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Jackie was a project manager working in financial services when she had a hysterectomy in her early 40s, and she received no advice about any potential consequences of this operation. Jackie was given 4 paid weeks off work so she put together her own recovery plan and after a month, she went back to work and coped well managing her team of 16 people.


Things seemed to be OK for a few years and then Jackie noticed some changes in herself, as she explains. 

"The changes I was experiencing were now having a detrimental impact on my performance at work."

“I started getting more tearful than usual and felt anxious about things that normally wouldn’t have bothered me. I experienced heart palpitations for the first time, and my face would feel like it was burning.”


Jackie was working as hard as ever at this time and she put these changes down to stress and just pushed herself harder.  Life outside of work suffered as the stress and anxiety spilled out. Others noticed and asked her what was wrong.


Looking back

“Concerned friends would ask what they could do to help, but I didn’t know what was wrong with me, so how could I tell others how to help? I actually started working out in the gym every day as I thought this might help reduce the anxiety and feelings of stress but then came the insomnia and I became exhausted.”


Jackie’s confidence in her ability to do her job started to drop and her anxiety levels increased further. Her annual review ended with a rating of ‘met objectives’ and this felt like a slight for an overachieving Jackie:


“I had never been graded as ‘met’ objectives before, I would always have exceeded them. It was really upsetting to have to acknowledge that the changes I was experiencing were now having a detrimental impact on my performance at work.”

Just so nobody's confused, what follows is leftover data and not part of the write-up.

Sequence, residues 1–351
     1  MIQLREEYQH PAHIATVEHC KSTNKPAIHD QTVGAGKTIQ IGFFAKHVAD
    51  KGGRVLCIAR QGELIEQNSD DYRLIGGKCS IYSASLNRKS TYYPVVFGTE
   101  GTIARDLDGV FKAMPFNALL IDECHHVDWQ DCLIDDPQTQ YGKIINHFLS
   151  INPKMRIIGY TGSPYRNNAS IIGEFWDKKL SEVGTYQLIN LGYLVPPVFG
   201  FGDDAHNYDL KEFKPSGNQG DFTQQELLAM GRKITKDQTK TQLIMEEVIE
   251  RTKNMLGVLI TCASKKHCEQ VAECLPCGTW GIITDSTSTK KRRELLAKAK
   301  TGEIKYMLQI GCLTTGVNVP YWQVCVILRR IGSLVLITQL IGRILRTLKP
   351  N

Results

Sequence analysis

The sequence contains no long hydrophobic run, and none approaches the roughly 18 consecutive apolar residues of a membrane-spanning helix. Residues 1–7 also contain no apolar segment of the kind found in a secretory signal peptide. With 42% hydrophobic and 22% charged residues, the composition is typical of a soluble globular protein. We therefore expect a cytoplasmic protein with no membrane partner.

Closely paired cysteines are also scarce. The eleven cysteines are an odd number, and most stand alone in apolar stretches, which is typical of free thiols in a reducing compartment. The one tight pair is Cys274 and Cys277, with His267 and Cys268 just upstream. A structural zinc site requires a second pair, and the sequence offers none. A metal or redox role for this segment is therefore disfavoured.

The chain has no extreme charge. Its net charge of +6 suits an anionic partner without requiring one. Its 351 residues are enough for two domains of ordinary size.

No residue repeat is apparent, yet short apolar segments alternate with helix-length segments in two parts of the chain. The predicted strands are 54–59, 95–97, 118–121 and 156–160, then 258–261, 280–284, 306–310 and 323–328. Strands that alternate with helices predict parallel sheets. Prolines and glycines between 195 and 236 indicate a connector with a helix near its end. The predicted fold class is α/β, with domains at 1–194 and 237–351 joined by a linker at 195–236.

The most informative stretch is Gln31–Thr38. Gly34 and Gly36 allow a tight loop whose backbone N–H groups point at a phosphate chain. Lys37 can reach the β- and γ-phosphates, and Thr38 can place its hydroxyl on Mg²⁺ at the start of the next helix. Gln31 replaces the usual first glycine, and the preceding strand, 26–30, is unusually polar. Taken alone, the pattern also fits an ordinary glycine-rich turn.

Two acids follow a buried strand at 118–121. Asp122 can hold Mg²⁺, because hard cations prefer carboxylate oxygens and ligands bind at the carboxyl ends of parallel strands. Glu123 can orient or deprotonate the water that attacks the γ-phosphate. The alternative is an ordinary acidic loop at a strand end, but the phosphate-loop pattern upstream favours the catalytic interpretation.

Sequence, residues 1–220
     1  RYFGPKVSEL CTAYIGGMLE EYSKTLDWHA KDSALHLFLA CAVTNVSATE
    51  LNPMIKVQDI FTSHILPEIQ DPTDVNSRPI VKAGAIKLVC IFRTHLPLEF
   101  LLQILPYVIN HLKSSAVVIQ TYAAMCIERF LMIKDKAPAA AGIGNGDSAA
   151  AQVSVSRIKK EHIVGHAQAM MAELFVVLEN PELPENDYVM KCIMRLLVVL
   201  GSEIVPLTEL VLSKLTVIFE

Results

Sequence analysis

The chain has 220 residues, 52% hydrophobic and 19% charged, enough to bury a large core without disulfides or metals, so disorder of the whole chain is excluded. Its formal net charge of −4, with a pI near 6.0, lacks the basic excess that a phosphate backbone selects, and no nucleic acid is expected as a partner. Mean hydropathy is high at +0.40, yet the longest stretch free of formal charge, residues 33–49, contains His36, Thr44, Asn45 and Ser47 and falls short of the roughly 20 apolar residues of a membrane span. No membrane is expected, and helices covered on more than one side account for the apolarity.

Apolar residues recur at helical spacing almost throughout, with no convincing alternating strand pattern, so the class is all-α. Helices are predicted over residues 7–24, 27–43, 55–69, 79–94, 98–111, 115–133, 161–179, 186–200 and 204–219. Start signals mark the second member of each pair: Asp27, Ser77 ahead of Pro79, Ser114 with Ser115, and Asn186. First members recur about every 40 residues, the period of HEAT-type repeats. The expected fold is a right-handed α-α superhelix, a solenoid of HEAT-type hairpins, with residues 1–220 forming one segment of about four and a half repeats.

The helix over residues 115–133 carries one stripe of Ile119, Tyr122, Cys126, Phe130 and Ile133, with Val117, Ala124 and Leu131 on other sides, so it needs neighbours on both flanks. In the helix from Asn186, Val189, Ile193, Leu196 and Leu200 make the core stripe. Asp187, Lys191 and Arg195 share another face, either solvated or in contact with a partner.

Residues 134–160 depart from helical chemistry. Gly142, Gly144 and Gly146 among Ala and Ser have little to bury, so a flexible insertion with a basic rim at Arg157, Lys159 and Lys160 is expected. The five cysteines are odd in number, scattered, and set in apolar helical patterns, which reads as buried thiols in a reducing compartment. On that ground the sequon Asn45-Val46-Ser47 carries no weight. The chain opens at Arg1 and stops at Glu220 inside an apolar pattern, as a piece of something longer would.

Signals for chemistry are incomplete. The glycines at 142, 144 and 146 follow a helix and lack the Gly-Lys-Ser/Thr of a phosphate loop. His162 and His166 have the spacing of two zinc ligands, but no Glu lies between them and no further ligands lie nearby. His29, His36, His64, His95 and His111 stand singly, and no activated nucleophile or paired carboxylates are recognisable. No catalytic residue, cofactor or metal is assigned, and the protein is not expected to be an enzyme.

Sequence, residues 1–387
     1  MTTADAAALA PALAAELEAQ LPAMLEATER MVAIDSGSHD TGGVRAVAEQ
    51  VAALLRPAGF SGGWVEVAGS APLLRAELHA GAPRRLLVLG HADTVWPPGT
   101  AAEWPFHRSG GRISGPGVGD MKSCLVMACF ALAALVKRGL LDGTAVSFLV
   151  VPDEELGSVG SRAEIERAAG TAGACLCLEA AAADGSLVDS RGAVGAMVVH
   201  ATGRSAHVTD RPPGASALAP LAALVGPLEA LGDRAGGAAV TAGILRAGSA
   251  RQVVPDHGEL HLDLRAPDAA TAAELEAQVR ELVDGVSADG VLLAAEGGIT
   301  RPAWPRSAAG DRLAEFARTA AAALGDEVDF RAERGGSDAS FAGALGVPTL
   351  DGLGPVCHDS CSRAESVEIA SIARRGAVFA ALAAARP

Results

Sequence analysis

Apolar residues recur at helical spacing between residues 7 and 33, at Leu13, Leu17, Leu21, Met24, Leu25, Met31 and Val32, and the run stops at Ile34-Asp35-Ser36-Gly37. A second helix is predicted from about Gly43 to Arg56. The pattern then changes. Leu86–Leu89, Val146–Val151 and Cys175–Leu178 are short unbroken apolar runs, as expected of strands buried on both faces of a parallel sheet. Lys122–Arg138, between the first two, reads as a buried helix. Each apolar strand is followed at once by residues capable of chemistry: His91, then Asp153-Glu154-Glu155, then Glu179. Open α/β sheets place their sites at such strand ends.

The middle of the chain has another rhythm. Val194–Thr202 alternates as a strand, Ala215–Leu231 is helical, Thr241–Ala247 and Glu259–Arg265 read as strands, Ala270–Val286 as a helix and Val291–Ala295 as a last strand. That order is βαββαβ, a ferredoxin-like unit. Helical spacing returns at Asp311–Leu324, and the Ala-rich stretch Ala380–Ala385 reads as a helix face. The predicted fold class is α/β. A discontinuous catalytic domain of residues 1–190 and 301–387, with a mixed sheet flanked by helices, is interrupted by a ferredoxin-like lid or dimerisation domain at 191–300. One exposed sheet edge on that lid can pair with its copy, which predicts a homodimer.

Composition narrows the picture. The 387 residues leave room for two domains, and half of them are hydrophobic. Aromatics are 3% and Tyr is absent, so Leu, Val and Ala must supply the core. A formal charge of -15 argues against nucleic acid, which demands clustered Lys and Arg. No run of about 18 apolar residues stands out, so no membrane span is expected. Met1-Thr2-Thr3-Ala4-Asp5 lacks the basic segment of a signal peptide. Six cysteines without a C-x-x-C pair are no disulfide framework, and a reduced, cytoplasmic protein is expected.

Jackie’s GP prescribed antidepressants for her but she didn’t take them as she did not feel depressed. No healthcare professionals, friends or anyone within her workplace ever raised the possibility of the menopause to Jackie.  With no one suggesting her hormones might be to blame, Jackie assumed all this mess was her own fault.


After a further six months of her symptoms negatively affecting work performance, Jackie resigned with no job to go to. The next role she did manage to gain meant a pay cut of £30k as she did not feel up to another team lead position.


Present day

“So I’m 52, I’m renting as I can’t afford to buy my own home, and my salary is still £10k short of what I used to earn. I now work in the mental health field and, with a combination of HRT and antidepressants, things are improving.  In my new organisation, menopause is openly discussed along with the range of psychological and emotional symptoms that are often confused with mental health disorders. I feel so much more supported at work and I’m slowly regaining the confidence I lost.”


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